Bon voyage

I’m shocked.

No, really. I am. I was never one of those supposed crazed individuals who thought Jonathan Papelbon would be back in the closer’s role by Opening Day, even if it took me hinting more than a month ago that Papelbon would be back in the bullpen by Opening Day.

Maybe by July, the majority conceded, but never by Opening Day.

You’re right. I was completely daft to say such things.

In any case, the Red Sox just announced that, lo and behold, Jonathan Papelbon is headed back to the bullpen as closer, effective immediately. This could be a direct effect of Mike Timlin’s injury, since this might not have been necessary had that not happened.

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Apparently the shoulder concerns that plagued Papelbon at the end of last season, sparking his move to the rotation, are a thing of the past. Rumors of the move percolated all afternoon, and manager Terry Francona confirmed it just a short while ago after his team’s exhibition game against the Phillies.
Papelbon gives the Red Sox a dominant presence at the back end of the bullpen, that lights-out pitcher that can, much like Mariano Rivera over the past decade, effectively turn a nine-inning game into an eight-inning game with overpowering 1-2-3 final frames.
That being said, I hate this move.
It’s not just because I now have to scrap my batch of preseason predictions for next week, in which I go out on a limb and call Papelbon to win the Cy Young Award, but…well, OK it’s mostly just that.
Still, is the team better with Papelbon closing out games as opposed to a closer by committee? Undeniably. But would the potential exist for the Red Sox to be even better with him in the rotation as part of a dominant foursome? Guess we’ll never know, but there were a lot of signs to certainly think so.
As stable as Boston’s bullpen looks now, the rotation looks all the less so. Curt Schilling has looked great so far this spring, but Daisuke Matsuzaka and Josh Beckett, for all the vast possibilities that exist, have yet to prove they can perform at the elite level the AL East demands. In a lot of ways, Papelbon stabilized the unknowns in the rotation with a potential dominant force at the back end, the glue that connected the dots between dominant and adequate. Now when you compare the pitching staff to last year’s, Matsuzaka is all that has really changed it. That’s not to deny his added importance, just a warning that at some point one of these guys is going to go down, and the rotation could be as ill-equipped as it was last year in plugging in guys to spot start throughout the season. Or did you block Jason Johnson from your memory?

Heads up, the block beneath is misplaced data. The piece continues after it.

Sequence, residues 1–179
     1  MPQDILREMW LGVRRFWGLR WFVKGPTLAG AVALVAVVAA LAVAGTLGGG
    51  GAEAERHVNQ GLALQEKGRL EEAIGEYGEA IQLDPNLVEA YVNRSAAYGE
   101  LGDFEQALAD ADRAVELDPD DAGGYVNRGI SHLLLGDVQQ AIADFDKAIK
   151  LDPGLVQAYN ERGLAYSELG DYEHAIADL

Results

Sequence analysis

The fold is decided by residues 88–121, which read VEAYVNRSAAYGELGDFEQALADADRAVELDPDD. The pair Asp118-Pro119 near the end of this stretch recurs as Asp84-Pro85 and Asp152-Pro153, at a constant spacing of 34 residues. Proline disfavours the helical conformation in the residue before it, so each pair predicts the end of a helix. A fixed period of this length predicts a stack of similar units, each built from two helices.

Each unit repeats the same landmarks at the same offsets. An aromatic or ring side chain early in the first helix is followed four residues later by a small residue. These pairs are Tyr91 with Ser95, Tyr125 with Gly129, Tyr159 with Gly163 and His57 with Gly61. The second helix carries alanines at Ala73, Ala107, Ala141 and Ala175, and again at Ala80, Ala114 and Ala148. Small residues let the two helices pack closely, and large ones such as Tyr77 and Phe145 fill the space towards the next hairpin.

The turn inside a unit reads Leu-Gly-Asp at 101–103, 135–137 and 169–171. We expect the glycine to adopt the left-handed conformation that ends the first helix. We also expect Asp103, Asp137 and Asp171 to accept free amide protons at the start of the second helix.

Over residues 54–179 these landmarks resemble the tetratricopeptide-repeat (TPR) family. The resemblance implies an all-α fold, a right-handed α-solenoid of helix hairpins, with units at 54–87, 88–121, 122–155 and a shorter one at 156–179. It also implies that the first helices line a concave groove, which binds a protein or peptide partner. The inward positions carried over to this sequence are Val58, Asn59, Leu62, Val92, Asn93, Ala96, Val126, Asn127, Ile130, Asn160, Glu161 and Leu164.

Let’s not forget, Schilling, Beckett, and Tim Wakefield were in the rotation last season too. Now the only new face you’ve got on a team that finished third a season ago is Matsuzaka. As great as he might turn out to be, the back end has been significantly weakened. You’re now looking at Julian Tavarez to be your fifth starter, or at least until Jon Lester is ready. And that might not be until later this summer. Can Matt Clement get healthy quick enough? Did you ever think you’d ask that even?
Either this was in the cards since Day One (notice Papelbon came in “relief” of every game but one in Grapefruit League action) with the Red Sox hinting all along that he was an option still, or the fact that Theo Epstein and Co. did not spend at least a little of the $150 million this past offseason on a closer finally came to mind. Once “Joel Pineiro” and “closer” were mentioned in the same breath, we should have known this day was going to come.
According to Schilling, Papelbon wanted to make this move, but would he have made it so soon or willingly had the Red Sox come up with a competent solution to close? Papelbon is doing this because it’s what the team needs him to do, but is it necessarily what’s best for the team?
There may be a few less ND’s in the starters’ resumes with Papelbon back there, but how many fewer wins are they sacrificing without him in there with them? In Papelbon, the Sox have the makings of an ace seemingly ready to bust out. And now he’s in the bullpen, where they feel he’s best suited for their needs.
Let’s not definitely take that as an assessment of his talent more than the Red Sox’ failure to stockpile some more of it in the bullpen.

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